At each turn she expected to find it, wounded and afraid but the footsteps kept going, kept receding, up and up. She took the stairs two at a time until her thighs ached, and her chest heaved. How many flights had she come? When was this child going to stop?
Another stick of bombs. Detonations closing in. She crouched against the wall and covered her head. A mighty rumble passed under her, through her. The building shifted behind her as the shock waves poured beneath. The noise of glass shattering came from below. With a sound like the clatter of pebbles on the shore, the booming moved away, rumbling like distant thunder in the hills. A cloud of dust pushed softly up the stairwell. Plaster pattered onto her head and shoulders like light rain.
Lord, that was close. She ran her hand across her mouth. Her lips were dry and gritty. She rose to her feet on shaking legs. Her whole body was shuddering as if the shockwaves still vibrated in her bones.
If only she could turn and hare back down, helter skelter to the sanctuary of the basement, the comfort of other people, but if she felt this alone and afraid, what of the child, terrified and running headlong towards disaster? The pressure of her panic waned, as if drawn from her body by a needle. She had to go on. Courage washed into her veins like strong drink and she began to climb again.
The battery in the torch had dimmed to almost nothing. She banged the cylinder on the wall. The dim yellow light glowed fractionally brighter, illuminating the ground a couple of inches in front of her. She ran her other hand up the wall, feeling for the corner that heralded the top of each landing.
Two more flights, two more storeys. The bang of a door closing above her. She reached the top. No more stairs. The yellow glow of the torch picked out a door on the right. It was locked. The one opposite opened. She was in a narrow corridor, even blacker now. The darkness seemed to press on her from all sides, stifling her breathing which came in shallow pants.
She walked forward, feeling along the wall, the dying light of the torch finding doors, some open onto denser darkness, others shut. The smell of cordite was still in the air, mixed with the tang of antiseptic and a tomcat scent of fear.
She knew this place.
She heard a sound behind her and swung round. Her abrupt movement rattled the battery in the cylinder. The torch sprang to life. A face loomed out of the darkness.
She gasped and backed away. Dread clasped a cold hand around her throat. She began to shake uncontrollably, the light of the torch quivering and jerking in the gloom.
‘You,’ she said, her trembling voice barely a whisper.
Six months’ earlier
Clara strained her eyes into the milky distance, but in this vast mausoleum of a hospital, there was no hope of seeing where the corridor ended. The air had a strange thickness to it, turning the wall-lights a dirty yellow – the colour of spiders’ nests, she thought with a shudder.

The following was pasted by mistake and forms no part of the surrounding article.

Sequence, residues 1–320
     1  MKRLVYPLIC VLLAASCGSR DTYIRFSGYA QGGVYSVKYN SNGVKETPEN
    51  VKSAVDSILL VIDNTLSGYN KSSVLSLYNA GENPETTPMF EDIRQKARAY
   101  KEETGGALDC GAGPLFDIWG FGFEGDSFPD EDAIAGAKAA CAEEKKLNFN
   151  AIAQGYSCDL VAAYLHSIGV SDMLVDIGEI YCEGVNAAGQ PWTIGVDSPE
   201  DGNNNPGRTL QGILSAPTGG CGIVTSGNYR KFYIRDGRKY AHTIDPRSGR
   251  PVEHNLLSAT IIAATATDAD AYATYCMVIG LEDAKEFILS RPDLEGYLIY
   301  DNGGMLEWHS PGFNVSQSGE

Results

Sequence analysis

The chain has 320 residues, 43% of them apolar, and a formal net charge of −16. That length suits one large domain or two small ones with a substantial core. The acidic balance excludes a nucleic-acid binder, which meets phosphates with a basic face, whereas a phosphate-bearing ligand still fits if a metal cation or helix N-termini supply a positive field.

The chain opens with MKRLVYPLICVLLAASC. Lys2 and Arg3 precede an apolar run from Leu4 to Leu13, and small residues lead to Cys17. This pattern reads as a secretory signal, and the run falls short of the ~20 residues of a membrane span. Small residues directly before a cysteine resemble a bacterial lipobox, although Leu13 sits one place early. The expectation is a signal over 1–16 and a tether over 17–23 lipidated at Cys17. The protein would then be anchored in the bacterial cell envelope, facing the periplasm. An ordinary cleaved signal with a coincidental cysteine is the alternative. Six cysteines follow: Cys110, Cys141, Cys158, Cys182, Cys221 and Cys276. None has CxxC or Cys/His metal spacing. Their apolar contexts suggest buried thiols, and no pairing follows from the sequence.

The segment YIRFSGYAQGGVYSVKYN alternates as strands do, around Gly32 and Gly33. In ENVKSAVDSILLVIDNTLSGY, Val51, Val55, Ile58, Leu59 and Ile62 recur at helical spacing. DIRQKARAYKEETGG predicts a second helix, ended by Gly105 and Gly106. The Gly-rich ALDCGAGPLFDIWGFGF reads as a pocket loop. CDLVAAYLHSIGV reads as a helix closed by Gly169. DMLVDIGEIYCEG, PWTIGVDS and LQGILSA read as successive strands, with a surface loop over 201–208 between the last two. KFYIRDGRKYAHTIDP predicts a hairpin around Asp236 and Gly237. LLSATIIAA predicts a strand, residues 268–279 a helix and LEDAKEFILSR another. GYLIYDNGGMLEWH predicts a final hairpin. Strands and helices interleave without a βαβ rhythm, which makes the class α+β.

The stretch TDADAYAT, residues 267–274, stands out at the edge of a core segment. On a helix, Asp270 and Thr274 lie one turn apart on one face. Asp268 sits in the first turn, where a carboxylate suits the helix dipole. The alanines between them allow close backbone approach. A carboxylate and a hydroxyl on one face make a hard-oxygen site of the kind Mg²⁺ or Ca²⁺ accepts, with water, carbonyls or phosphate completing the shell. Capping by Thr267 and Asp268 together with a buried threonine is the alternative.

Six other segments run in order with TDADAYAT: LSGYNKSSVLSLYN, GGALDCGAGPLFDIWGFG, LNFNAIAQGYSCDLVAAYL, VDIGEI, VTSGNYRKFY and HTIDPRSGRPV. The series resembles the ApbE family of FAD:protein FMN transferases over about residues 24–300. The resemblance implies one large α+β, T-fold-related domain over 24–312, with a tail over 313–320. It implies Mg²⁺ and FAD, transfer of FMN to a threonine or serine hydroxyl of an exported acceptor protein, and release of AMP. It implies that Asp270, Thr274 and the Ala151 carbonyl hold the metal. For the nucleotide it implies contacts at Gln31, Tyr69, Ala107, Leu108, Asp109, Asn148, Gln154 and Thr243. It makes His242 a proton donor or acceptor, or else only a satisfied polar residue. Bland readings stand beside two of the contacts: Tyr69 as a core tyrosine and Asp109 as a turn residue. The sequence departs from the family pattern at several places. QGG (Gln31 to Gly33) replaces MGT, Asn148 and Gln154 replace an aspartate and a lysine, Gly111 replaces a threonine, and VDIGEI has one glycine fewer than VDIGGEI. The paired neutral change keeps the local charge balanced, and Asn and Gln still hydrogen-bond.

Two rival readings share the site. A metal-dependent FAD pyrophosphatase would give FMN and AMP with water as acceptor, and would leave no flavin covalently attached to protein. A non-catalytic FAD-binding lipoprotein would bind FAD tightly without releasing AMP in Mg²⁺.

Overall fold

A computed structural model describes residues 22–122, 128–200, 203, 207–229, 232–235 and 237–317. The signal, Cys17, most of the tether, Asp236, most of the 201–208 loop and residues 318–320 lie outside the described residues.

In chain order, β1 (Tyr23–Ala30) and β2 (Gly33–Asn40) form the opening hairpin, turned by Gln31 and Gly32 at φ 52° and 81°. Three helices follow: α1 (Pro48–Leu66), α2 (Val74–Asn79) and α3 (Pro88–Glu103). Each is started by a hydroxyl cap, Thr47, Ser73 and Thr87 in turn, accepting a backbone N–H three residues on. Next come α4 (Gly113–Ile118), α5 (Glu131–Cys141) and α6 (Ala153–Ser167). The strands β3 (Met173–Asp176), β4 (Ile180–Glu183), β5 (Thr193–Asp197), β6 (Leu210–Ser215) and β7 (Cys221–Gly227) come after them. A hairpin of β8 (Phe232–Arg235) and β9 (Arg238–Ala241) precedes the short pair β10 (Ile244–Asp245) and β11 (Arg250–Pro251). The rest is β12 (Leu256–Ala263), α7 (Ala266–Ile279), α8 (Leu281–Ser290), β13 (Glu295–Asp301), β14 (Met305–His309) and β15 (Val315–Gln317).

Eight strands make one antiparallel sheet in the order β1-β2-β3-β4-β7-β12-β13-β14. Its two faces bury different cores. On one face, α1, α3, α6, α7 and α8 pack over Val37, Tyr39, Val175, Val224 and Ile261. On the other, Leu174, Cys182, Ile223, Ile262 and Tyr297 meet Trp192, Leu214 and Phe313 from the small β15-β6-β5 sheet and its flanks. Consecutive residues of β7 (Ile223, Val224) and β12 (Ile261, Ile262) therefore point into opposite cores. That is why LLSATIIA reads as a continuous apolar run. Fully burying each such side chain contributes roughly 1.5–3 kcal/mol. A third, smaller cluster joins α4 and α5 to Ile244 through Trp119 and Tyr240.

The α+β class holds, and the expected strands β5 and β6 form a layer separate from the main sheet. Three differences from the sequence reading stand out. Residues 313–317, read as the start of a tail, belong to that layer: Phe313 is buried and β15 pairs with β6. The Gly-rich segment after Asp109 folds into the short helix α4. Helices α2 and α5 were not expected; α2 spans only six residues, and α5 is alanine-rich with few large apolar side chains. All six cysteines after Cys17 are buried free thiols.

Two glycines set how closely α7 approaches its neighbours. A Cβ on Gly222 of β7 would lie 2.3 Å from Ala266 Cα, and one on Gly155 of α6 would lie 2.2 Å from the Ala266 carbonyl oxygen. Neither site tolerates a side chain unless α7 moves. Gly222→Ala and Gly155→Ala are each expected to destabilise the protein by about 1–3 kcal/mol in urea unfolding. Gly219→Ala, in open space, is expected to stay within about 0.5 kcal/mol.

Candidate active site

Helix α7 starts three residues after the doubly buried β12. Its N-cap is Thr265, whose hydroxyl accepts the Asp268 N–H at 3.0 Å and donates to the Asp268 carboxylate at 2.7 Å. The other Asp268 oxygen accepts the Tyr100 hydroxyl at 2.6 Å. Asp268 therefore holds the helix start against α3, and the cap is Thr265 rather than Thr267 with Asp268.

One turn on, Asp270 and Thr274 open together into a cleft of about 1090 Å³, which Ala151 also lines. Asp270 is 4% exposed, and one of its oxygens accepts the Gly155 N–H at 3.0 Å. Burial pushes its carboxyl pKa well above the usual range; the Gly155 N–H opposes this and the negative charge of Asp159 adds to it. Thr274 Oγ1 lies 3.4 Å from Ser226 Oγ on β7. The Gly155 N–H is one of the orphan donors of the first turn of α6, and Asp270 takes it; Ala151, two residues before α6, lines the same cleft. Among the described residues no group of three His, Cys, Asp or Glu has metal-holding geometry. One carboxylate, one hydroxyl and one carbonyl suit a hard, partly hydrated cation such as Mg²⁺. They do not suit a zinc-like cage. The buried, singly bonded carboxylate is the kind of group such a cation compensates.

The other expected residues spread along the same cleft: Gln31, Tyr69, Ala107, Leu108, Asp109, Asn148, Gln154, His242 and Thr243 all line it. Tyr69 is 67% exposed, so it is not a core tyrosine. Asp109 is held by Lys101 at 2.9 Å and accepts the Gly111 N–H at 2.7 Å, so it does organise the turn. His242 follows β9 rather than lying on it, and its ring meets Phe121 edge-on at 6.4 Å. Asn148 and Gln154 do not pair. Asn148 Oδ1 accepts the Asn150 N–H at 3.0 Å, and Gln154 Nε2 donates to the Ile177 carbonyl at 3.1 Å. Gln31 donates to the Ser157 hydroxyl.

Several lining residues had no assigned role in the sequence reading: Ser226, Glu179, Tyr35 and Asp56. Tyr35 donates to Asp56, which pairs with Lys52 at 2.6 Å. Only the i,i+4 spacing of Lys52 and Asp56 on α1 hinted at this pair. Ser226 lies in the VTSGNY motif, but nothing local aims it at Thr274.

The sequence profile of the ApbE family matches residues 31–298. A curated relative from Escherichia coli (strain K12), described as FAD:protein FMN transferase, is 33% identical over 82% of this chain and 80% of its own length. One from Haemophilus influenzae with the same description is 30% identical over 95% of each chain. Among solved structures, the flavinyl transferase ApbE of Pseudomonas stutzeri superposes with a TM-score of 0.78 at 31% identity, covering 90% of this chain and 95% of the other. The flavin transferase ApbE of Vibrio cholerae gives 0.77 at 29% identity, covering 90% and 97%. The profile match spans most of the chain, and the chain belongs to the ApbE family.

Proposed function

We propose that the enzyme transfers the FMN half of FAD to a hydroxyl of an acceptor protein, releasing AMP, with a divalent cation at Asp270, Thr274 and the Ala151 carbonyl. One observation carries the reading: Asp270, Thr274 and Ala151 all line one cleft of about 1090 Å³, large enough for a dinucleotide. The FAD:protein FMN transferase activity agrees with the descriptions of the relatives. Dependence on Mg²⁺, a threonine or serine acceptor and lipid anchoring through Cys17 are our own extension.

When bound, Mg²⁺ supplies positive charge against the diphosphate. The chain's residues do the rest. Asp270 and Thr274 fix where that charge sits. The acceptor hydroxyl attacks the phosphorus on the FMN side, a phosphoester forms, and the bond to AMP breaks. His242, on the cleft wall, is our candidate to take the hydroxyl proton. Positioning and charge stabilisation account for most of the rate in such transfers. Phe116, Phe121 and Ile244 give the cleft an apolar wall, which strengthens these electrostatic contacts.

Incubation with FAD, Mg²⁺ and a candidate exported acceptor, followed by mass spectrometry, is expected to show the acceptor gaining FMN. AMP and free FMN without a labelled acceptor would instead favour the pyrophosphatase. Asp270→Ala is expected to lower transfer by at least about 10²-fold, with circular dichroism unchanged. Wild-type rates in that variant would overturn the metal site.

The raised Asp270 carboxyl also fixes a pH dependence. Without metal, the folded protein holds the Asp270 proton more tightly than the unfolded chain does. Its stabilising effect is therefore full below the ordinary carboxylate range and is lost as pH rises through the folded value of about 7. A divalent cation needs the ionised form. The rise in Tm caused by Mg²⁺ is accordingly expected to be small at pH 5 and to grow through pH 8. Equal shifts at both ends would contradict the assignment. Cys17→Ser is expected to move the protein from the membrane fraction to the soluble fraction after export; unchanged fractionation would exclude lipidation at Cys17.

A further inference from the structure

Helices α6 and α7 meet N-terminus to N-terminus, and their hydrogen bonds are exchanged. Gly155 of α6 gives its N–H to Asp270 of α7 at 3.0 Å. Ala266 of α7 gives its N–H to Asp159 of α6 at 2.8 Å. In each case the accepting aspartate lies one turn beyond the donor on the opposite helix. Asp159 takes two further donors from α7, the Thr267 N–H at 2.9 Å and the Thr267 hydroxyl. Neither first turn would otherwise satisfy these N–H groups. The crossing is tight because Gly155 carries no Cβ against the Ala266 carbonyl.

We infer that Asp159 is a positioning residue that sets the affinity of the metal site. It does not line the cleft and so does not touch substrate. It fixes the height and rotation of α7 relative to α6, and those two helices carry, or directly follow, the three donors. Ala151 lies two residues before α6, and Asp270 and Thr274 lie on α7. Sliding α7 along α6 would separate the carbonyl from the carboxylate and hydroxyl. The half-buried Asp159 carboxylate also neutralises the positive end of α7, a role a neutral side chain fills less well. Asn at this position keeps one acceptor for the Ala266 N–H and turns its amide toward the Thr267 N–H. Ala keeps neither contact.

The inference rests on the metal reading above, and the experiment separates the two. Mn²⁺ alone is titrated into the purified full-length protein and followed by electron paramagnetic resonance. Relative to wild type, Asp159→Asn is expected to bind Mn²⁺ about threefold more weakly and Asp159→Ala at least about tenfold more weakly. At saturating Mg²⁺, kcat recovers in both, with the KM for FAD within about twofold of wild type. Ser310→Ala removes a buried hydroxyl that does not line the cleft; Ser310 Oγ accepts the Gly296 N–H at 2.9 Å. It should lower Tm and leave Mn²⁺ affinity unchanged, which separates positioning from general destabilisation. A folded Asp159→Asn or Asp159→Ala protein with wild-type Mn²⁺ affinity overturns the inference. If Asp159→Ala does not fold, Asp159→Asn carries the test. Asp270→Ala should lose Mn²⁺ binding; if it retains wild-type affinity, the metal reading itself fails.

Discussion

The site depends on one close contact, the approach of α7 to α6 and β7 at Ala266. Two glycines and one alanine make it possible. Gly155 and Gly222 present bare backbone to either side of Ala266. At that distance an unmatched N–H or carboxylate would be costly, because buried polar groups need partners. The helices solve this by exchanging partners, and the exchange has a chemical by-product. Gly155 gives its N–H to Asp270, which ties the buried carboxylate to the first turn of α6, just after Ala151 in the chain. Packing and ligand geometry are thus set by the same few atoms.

Although the tall picture windows looking out over Southampton Waters were shuttered, she could hear the engines distinctly now. The tension in her chest subsided. It wasn’t German planes. It was ambulances. Dozens of them, driving up to the hospital.
When the front door came into view, she slowed. People milled around in the half-light, some crouching down, others bending. Cries and moans floated towards her. Someone screamed. Dozens of stretchers were laid on the ground, soldiers leaning against walls, faces bound with filthy bandages, makeshift splints lashed to legs. Her eyes darted from face to face, her heart accelerating as a catastrophic thought leapt into her mind. Frank could be here, lying in wait for her among the wounded. She had to get away from the wounded.
She pushed through the crowd and the smell hit her, pumping a fresh wash of panic into her chest. Unwashed bodies, oil, soot and the sickly sweetness of gangrene. The air was electric with pain, washing away the peace and purpose that had filled her for five glorious weeks.
‘Missing in action is kind way of saying dead,’ her roommate Joy had told her. ‘He won’t be coming back. Even if he does, this is the last place he’d look.’
But what if he was one of these smashed and damaged men? Incapacitated she’d have a chance to escape, but what if he was among the walking wounded? If he saw her, she was doomed. Two years of marriage to the man had taught her that there was no safety in a public place. He would eventually isolate her and wreak his vengeance on her for slipping away in the night, returning to the arena where he was king. His rage would know no bounds.
Looking out through the doors, she could see the front drive was filled with ambulances. Out there she could lose herself, scuttling around as if she was busy, hidden in the darkness. In the pools of light cast by the slit headlamps, soldiers stumbled towards her and she raked their faces, desperately trying to imagine what Frank might have been wearing when he went missing. It was hopeless. There were so many men. Their uniforms were torn and filthy, sand and oil still clinging to them, faces obscured by bandages.
Someone tripped on the step. She steadied him by the elbow.
‘Where have you come from?’